As a physician, It’s time that i put this myth to bed, As it has become too widespread and I haven’t seen anyone correcting it. The best case scenario is people wasting their money, Worst case is subjecting their bodies to the side and long-term effects of drugs that do not actually do what they think they do.
SGLT inhibitors (Canaglifozin, Dapagliflozin…etc) don’t affect post-prandial (Post meal) spike of glucose in healthy people. At all. Tada! (Healthy meaning their maximal glucose level doesn’t go beyond 150mg/dl after a heavy carb meal)
If you’re taking them because you want to replicate the anti-aging effect seen in the ITP trials, Then I have bad news for you. Unfortunately, this glaring misconception is the result of abstract and skim reading the scientific papers without a deep and thorough understanding.
First of all it’s important to understand why the ITP actually chose ‘Canaglifozin’.
After the promising results of Acarbose, They wanted to test the hypothesis that the reduction in glucose spike after meals that is responsible for the increased median and maximal lifespan of the mice. So they choose the SGLTI ‘Canagliflozin’. Now Cana is unique compared to the others in it’s class. While they all inhibitit SGLT2 receptiors in the kidney and help excerte glucose. Cana is the only one that also inhibits SGLT1 receptors found in the intestines. So to mimick acarbose they decided to always mix cana with the food.
Yet that’s not how Canagliflozin is consumed or works in humans. SGLT2 inhibitors like dapagliflozin or empagliflozin have zero effect on SGLT1 receptors in the gut, Meaning they have no effect on postprandial glucose in healthy people (Assuming the peak doesn’t go over 160mg/dl. those with IGT or DM are another story). Canagliflozin also has no effect, Unless it is consumed just before the meal, And it’ll work for that meal only with no effect on subsequent meals, And you’ll need to use the maximal dose (300mg) to achieve any noticeable effect and it’ll still be weaker than a dose of acarbose.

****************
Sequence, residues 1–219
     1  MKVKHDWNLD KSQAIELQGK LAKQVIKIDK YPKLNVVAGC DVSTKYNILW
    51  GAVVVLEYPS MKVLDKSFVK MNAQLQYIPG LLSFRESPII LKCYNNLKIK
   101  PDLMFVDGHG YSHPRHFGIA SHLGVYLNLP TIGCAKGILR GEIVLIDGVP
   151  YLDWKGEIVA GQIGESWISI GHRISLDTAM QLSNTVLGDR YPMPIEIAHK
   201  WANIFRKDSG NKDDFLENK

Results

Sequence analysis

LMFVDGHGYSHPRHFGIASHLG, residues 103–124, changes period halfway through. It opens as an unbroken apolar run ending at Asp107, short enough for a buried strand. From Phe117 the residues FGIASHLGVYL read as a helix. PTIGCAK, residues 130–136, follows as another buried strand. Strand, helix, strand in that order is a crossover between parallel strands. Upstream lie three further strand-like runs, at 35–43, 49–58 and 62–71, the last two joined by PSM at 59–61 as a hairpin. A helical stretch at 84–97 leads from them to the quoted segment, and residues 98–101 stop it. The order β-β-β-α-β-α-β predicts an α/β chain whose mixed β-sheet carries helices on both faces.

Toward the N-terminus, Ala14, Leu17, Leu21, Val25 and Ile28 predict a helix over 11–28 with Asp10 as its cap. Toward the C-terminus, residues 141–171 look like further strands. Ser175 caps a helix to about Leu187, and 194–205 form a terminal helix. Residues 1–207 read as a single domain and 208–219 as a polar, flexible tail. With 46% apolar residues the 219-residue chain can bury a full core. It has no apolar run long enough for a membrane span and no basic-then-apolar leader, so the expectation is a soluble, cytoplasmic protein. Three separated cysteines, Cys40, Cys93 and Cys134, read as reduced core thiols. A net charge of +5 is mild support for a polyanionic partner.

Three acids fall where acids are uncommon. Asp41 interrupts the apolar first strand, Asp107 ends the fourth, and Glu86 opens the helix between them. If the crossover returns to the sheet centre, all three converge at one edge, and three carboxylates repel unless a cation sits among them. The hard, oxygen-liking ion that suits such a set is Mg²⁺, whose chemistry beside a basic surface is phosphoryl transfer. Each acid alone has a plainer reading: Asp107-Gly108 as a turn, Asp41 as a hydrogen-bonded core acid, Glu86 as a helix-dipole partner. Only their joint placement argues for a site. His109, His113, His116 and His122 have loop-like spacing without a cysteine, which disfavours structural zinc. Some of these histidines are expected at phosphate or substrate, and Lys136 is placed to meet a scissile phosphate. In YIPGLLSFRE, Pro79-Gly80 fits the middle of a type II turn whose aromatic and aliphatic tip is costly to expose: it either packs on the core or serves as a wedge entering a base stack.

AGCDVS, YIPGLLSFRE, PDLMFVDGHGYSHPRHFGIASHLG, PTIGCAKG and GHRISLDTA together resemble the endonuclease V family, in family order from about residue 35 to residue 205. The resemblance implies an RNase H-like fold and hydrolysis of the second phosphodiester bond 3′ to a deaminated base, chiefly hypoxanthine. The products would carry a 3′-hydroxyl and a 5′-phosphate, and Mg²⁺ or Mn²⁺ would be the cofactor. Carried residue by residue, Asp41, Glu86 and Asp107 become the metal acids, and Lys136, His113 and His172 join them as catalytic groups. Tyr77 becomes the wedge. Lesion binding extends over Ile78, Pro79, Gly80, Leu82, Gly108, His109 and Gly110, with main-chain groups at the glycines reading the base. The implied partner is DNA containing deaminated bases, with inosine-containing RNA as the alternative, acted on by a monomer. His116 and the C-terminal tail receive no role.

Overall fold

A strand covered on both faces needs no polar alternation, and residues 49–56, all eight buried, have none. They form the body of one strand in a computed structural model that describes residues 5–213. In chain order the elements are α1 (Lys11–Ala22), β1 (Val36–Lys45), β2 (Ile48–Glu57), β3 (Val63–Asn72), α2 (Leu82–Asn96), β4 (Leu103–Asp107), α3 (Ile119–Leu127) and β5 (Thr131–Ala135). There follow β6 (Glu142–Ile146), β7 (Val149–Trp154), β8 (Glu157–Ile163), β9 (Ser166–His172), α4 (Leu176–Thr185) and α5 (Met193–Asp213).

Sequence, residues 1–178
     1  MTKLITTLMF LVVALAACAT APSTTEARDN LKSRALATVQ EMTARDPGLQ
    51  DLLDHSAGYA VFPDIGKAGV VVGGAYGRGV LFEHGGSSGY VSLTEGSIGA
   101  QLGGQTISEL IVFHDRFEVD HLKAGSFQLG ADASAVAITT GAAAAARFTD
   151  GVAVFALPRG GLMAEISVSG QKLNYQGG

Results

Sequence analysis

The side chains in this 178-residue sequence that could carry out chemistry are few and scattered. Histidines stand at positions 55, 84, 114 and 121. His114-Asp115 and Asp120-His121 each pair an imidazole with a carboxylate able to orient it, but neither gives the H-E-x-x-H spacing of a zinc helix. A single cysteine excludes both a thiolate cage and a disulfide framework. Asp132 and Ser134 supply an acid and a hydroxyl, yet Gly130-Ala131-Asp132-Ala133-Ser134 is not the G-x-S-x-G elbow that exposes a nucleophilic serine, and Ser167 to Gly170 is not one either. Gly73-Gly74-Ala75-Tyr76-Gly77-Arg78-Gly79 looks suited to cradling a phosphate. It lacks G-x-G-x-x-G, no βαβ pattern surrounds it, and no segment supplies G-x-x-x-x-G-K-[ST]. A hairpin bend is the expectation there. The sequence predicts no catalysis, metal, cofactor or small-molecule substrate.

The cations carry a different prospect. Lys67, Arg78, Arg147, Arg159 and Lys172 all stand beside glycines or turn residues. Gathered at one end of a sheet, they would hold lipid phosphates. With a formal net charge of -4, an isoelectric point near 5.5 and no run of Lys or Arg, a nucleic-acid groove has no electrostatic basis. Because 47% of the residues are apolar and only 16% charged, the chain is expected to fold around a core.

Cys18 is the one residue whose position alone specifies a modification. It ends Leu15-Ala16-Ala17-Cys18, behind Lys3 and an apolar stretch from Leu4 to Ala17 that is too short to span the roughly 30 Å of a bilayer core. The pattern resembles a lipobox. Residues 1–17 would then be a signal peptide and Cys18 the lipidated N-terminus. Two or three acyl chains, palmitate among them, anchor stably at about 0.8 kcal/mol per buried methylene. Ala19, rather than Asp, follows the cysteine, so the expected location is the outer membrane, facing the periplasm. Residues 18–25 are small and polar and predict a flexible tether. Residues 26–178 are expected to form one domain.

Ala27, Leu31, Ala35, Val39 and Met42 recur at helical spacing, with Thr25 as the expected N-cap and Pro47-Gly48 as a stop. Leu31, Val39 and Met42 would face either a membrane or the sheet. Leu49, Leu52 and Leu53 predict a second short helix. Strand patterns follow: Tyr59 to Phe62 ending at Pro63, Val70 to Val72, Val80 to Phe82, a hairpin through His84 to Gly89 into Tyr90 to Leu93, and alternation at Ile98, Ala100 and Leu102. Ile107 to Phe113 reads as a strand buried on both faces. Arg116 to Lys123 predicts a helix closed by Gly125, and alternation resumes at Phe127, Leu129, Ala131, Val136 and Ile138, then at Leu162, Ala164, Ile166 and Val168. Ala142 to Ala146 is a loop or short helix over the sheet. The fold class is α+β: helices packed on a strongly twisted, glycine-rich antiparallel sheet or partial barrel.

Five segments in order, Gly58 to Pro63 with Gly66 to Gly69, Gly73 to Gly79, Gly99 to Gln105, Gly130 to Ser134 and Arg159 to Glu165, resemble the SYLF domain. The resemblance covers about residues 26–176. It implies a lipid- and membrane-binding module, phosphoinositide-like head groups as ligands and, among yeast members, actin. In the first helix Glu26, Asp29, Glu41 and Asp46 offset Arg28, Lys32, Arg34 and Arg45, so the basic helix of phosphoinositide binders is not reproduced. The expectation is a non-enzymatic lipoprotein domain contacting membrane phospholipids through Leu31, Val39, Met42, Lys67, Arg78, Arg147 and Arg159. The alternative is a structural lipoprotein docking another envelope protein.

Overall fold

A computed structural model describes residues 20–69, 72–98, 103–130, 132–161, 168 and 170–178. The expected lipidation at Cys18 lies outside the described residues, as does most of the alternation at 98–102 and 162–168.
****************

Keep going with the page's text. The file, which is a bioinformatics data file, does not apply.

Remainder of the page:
So the prevailing notion that if someone doesn’t like the gases or discomfort after acarbose and they can switch to an SGLTI because it also supposedly prevents the glucose spike and extended healthspan in ITP, Is not only misguided But also categorically wrong.
It’s true that SGLT inhibitors have been shown in the literature in humans, To decrease damage to the heart and kidney, Improve HbA1c…etc (Cardiac protective effects are thought to be independent of any glucose effect) However, this does not necessarily mean this will definitively translate to anti-aging effects in healthy humans. I’d love to see an ITP study that uses Dapagliflozin in mice to see any healthspan effect and if there is a glucose spike-independent anti-aging effect of these drugs. However, until that happens, SGLTI should never be seen as a substitute for Acarbose. If someone wants to take them together then that’s another story.
Although keep in mind that SGLTI comes with rare but potentially extremely serious side effects. Which will be relevant if you’re taking them for many years, If not decades.
Of course, SGLTI are amazing drugs with certain established clinical entities with massive literature to back up their benefits, Such as:
1- established cardiovascular disease or High risk of CVD
2- Heart failure or high risk for heart failure
3- High risk of stroke
3- Diabetes, Or impaired glucose tolerance
I even predict it’ll be beneficial to those taking rapamycin and have a glucose spike larger than 160mg/dl 45-60 minutes after meals, Which Rapamycin is known to induce. Assuming they absolutely cannot tolerate or are not willing to tolerate acarbose. As the latter will always be the first choice and much more effective.
TLDR: Stick to Acarbose.